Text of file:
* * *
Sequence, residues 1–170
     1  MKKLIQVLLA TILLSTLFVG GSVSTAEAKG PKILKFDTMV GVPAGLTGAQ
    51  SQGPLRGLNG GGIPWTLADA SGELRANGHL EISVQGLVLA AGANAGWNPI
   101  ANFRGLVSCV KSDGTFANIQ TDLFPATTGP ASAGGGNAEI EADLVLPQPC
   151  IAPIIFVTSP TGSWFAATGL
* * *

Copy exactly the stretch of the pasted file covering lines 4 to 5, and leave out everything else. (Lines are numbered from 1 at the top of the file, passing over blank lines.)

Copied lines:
   101  ANFRGLVSCV KSDGTFANIQ TDLFPATTGP ASAGGGNAEI EADLVLPQPC
   151  IAPIIFVTSP TGSWFAATGL